Avis Rises 11% as Second Quarter Is Both Abysmal and Impressive

What happened

Shares of Avis Budget Group (NASDAQ: CAR), a vehicle rental company, jumped more than 11% higher early Wednesday, despite dismal operating results during COVID-19, as the company's actions to reduce its fleet size and costs could set the stage for positive adjusted EBITDA for the remainder of 2020.

So what

Avis' second quarter is really a mixed bag that contains equal parts dismal and impressive results. COVID-19 obviously shattered the company's business as travel and transportation slowed to a near standstill during the second quarter. Revenue dropped 67.5% to $760 million compared to the prior year and adjusted earnings per share checked in with a $5.60 loss. While those figures are abysmal, the top and bottom lines actually beat Wall Street estimates.

Rental desk sign at airport

Image source: Getty Images.

What's also important for investors to recognize is the company's ability to adjust and cut costs. Management is targeting to save over $2.5 billion on an annualized basis and has sequentially improved its adjusted EBITDA results every single month since COVID-19 hit, actually reaching positive adjusted EBITDA in the Americas segment during June. Management originally estimated its second-quarter cash burn would be a significant $900 million chunk of its $1.5 billion liquidity, but the actual cash burn checked in at $580 million thanks to the company downsizing its fleet and other cost removal initiatives.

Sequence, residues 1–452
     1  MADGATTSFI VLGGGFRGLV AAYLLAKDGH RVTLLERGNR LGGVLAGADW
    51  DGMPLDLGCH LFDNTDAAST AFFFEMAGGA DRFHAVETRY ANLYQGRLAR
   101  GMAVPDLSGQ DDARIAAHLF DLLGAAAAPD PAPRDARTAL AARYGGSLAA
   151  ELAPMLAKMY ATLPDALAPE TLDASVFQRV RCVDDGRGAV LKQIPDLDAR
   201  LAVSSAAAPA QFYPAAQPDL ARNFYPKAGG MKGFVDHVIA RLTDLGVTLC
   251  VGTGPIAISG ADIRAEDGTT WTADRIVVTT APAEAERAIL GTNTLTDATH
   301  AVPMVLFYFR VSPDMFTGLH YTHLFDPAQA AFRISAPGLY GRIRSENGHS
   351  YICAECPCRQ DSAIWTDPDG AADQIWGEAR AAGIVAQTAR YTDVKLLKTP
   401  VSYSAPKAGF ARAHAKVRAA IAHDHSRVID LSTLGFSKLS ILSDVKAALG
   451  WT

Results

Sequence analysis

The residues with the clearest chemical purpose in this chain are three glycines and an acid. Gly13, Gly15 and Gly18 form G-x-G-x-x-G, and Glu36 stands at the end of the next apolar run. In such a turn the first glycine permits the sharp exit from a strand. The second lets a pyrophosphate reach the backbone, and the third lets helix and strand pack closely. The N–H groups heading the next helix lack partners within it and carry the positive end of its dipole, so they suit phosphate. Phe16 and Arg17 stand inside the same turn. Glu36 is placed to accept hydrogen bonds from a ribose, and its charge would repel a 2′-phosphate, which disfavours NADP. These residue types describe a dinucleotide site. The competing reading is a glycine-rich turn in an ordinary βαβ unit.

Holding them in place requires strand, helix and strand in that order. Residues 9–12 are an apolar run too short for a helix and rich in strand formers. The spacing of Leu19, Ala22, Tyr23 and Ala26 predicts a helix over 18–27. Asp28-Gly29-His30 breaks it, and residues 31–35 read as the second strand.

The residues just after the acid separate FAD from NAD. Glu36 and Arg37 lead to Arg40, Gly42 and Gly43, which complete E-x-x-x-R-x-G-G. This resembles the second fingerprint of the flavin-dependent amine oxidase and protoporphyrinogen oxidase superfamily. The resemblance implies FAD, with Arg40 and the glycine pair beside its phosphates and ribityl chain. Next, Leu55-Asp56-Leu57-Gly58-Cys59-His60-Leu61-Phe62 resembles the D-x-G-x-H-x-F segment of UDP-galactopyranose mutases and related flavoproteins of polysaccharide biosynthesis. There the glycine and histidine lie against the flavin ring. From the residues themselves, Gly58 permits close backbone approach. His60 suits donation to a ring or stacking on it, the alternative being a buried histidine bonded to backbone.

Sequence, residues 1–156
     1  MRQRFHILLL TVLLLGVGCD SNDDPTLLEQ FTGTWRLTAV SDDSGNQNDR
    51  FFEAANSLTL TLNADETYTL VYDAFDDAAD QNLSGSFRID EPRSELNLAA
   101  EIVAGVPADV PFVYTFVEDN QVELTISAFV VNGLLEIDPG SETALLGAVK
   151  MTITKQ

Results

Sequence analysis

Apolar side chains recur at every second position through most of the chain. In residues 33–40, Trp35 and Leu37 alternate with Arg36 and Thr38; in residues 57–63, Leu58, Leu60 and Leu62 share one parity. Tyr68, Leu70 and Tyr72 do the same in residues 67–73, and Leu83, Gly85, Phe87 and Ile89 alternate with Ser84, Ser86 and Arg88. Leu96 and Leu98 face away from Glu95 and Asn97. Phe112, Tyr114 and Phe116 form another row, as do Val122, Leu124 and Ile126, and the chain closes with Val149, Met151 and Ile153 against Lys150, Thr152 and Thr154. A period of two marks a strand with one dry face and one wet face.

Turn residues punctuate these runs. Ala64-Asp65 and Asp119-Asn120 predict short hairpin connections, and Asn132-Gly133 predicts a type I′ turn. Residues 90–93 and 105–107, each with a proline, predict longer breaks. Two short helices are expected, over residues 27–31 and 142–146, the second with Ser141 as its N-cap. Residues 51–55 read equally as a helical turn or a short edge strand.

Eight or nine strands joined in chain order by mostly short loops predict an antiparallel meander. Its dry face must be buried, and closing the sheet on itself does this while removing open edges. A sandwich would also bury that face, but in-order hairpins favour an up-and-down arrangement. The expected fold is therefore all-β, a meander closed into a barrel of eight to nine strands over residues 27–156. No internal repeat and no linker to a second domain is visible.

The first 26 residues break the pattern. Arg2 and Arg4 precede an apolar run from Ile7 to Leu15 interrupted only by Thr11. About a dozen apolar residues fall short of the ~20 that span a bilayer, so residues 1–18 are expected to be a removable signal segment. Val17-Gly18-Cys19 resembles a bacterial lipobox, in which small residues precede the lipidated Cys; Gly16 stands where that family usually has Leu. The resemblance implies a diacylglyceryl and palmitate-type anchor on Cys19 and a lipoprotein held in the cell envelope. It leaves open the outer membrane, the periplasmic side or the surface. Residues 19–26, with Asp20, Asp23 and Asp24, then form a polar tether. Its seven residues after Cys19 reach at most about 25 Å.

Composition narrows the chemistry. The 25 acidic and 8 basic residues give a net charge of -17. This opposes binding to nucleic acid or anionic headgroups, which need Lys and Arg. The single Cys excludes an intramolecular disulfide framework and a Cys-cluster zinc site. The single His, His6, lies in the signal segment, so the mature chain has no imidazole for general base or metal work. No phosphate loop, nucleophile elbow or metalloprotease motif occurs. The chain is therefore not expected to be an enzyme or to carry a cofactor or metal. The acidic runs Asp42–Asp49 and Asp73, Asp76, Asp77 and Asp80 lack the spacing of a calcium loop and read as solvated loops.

Now what

Investors have reason to be optimistic despite the dismal financial figures from Avis' second quarter. Management deserves a lot of credit for its ability to raise liquidity while significantly reducing cash burn. Let's not forget that Avis was able to take steps to stabilize its business at a time when Hertz Global Holdings (NYSE: HTZ) was forced to file for bankruptcy protection. While what happens with Hertz is yet to be determined, it's generally believed that Avis will stand to benefit from the development once travel and transportation returns to some realm of normalcy.

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Daniel Miller has no position in any of the stocks mentioned. The Motley Fool has no position in any of the stocks mentioned. The Motley Fool has a disclosure policy.

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